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Monday, 22 September 2014

Bloody Scotland Photo Gallery

I had a brilliant time at Bloody Scotland so I thought I'd share some pics with you.
A lively event with Christopher Brookmyre and Denise Mina

Happy chappies waiting to go on stage - Mark Billingham and Stuart Macbride

Stuart Macbride successfully turned Mark Billingham, as well as the audience, into zombies as he read from Skeleton Bob

The Digital Detectives - Ed James, Allan Guthrie, and Alexandra Sokoloff

A bit of light relief. The Elvis Cleaning Team sprucing up Stirling on Saturday

Favourite authors Caro Ramsay, and Alex Gray, being interviewed by Gordon Brown

Entertaining Event - Alanna Knight interviewing Peter May

Ian Rankin and Kathy Reichs in conversation

The rapt audience listening to Ian and Kathy Reichs

Peter Mays speaking at the gala dinner where he was awarded with the Deanston Scottish Crime Book of the Year Award for Entry Island

Lin Anderson with her forensic team - brilliant presentation involving volunteers from the audience

The forensic volunteers suited up and ready to try out their fingerprinting skills

There was lots more but insufficient time to attend everything or post all the pics I took. If you're a crime writer or reader, and within travelling distance of Stirling, this is one event that's unmissable.

Chris Longmuir

Tuesday, 9 September 2014

Scottish Referendum -Tax Implications for Writers

As I write this post we are only 9 days away from the vote which will decide whether Scotland becomes an independent country, or whether it stays within the United Kingdom with a higher degree of Home Rule. And no, I don’t intend to tell you which way I will vote, as both sides have ardent members who are quite capable of forming a lynch mob!

There have been many discussions on the pros and cons of either vote, but there has been nothing that I can see on the outcome of the tax situation for independent writers who publish their books through the Amazon KDP, or Createspace services, or Smashwords, or any other publisher/distributor.

The simple answer is, of course, that in the event of a ‘No’ vote, things will stay as they are, and that in the event of a ‘Yes’ vote we will pay our taxes to an independent Scotland. Simples.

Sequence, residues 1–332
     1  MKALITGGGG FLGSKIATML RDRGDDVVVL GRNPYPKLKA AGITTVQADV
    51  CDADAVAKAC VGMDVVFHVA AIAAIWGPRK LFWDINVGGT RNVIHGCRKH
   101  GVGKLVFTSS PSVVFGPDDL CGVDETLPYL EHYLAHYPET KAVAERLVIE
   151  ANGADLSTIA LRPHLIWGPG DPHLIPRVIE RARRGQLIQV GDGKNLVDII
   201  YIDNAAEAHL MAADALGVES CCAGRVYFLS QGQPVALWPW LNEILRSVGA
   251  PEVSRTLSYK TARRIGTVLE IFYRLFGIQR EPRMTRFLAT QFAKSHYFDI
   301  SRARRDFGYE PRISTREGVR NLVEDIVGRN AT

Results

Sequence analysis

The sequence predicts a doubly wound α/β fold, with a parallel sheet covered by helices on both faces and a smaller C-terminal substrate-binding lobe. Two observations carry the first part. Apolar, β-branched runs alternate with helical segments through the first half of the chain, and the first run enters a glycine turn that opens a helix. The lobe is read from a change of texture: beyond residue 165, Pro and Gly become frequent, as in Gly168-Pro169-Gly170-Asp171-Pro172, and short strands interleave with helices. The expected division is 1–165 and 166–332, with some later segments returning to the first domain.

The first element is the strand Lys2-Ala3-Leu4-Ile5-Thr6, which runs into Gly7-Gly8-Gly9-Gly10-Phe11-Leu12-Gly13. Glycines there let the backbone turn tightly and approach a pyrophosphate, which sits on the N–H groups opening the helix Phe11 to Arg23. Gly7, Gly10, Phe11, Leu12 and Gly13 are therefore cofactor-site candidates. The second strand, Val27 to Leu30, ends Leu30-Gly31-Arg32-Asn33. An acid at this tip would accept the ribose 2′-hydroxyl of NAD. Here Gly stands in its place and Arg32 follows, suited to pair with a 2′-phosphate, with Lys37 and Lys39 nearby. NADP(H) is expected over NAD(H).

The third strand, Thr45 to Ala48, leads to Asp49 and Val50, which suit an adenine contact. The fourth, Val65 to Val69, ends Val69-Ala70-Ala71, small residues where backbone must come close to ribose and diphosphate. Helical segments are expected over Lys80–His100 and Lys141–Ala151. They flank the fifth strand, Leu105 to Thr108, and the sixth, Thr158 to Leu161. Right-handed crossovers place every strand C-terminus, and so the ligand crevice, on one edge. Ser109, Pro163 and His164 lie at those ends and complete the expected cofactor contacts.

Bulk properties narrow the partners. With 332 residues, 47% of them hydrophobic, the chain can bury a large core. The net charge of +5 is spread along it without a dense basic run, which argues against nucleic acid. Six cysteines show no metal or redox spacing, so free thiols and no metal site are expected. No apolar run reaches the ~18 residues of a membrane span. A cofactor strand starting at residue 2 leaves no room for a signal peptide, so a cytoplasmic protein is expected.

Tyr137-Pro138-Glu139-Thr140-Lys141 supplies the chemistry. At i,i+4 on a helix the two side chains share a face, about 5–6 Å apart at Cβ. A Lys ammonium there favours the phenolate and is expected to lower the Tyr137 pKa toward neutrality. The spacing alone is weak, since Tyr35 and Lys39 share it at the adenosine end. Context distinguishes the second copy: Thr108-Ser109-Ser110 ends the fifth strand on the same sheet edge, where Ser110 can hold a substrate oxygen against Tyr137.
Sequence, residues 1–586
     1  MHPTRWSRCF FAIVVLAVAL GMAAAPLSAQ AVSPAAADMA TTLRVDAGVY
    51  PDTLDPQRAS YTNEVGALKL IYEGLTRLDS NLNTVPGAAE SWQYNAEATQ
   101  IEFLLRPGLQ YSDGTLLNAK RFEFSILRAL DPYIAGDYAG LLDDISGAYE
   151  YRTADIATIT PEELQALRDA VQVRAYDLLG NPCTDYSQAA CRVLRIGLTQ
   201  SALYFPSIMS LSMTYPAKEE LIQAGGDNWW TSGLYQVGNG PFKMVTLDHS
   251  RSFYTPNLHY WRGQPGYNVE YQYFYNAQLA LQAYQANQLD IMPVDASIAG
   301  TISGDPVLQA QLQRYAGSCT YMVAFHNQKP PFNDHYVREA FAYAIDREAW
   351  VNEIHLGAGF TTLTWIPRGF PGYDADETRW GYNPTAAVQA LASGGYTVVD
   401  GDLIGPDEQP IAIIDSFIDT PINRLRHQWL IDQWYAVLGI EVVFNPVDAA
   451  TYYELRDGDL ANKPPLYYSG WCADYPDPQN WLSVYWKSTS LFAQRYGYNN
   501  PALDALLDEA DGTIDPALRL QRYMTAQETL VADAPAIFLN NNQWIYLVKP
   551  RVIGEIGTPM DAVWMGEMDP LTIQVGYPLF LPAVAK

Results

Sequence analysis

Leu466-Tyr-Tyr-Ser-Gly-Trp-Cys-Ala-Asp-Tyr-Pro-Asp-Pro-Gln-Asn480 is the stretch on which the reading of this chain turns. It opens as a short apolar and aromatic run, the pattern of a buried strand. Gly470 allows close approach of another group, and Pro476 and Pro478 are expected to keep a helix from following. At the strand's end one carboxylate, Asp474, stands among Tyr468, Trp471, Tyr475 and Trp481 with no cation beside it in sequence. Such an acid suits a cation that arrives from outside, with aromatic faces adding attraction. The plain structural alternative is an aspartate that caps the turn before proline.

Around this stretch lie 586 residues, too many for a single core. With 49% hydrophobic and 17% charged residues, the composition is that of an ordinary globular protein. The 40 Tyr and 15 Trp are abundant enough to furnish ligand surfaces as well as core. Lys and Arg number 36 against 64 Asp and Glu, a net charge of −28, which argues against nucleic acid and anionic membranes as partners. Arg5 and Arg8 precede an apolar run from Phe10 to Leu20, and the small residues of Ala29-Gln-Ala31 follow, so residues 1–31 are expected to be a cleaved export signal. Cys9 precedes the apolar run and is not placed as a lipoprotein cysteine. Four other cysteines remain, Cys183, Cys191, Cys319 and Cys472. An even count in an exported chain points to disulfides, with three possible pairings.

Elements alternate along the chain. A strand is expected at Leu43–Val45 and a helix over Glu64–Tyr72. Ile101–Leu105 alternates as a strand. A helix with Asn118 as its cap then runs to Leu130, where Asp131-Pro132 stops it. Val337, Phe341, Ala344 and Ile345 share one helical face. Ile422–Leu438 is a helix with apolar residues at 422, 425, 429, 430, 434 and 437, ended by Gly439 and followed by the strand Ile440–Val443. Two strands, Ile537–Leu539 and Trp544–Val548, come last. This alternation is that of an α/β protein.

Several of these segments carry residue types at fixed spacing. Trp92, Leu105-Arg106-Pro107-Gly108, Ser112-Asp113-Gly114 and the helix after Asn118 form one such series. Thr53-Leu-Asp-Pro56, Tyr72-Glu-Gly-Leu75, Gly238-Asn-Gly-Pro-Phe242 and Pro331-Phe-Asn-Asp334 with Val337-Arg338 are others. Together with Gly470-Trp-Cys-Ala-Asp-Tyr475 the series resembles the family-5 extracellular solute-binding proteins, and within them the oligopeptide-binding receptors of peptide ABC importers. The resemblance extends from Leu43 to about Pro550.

However, ebooks and paperbacks sell worldwide, therefore we are liable for tax in other countries, mainly the US. At present, if writers pay tax in the UK they can apply for exemption of US tax, which is set at 30%, by filling in the relevant forms to apply for an ITIN (Individual Taxpayer Identification Number), which is similar to the British National Insurance Number, or an EIN (Employer Identification Number) if you are registered as a small business. Once these tax numbers are allocated the US withholds any tax due on sales so UK writers’ earnings are not subject to US tax.

It would be foolish to think that this situation would continue if Scotland were no longer part of the UK, because in order to acquire a US tax number, the person applying has to be paying tax in a country with which the US has a tax treaty. Now, the current tax treaty is with the UK, therefore where would that leave an independent Scotland?

If Scotland becomes an independent country it would no longer be part of the UK, and would therefore have no tax treaty with US. No doubt a tax treaty could be set up, provided both parties were willing! But how long would that take? The wheels of political change can turn exceedingly slowly, and I am sure there will be more pressing issues that have to take priority.

Another issue that has been plaguing my mind, is the situation where the UK tax authorities will remove tax from source on all UK sales, which means paying tax to the UK and to Scotland, and don’t think that’s not a possibility. A friend of mine who sells in Europe (Germany, Spain etc) goes through agonies trying to sort out tax issues that arise. I don’t know the details but I think she pays tax in the country where sales are made and then has to claim it back from UK tax – I may be wrong in the detail, but I do know it is always an agonising time for her.

My head hurts with all this thinking about tax implications, so I’m going to leave you now, and if you have any insights on how it is all going to work, maybe you could leave a note in the comments.

Chris Longmuir